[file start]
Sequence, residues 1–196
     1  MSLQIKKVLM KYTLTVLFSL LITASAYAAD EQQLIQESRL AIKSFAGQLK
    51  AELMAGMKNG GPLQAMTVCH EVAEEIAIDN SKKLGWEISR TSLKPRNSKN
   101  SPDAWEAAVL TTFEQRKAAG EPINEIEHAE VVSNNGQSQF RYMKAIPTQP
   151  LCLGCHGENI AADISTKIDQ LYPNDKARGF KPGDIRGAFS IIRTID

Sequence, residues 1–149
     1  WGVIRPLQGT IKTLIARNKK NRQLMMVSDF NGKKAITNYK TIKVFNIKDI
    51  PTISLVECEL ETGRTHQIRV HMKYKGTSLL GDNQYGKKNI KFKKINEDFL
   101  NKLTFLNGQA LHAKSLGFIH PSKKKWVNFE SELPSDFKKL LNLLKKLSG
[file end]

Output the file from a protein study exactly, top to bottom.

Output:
Sequence, residues 1–196
     1  MSLQIKKVLM KYTLTVLFSL LITASAYAAD EQQLIQESRL AIKSFAGQLK
    51  AELMAGMKNG GPLQAMTVCH EVAEEIAIDN SKKLGWEISR TSLKPRNSKN
   101  SPDAWEAAVL TTFEQRKAAG EPINEIEHAE VVSNNGQSQF RYMKAIPTQP
   151  LCLGCHGENI AADISTKIDQ LYPNDKARGF KPGDIRGAFS IIRTID

Sequence, residues 1–149
     1  WGVIRPLQGT IKTLIARNKK NRQLMMVSDF NGKKAITNYK TIKVFNIKDI
    51  PTISLVECEL ETGRTHQIRV HMKYKGTSLL GDNQYGKKNI KFKKINEDFL
   101  NKLTFLNGQA LHAKSLGFIH PSKKKWVNFE SELPSDFKKL LNLLKKLSG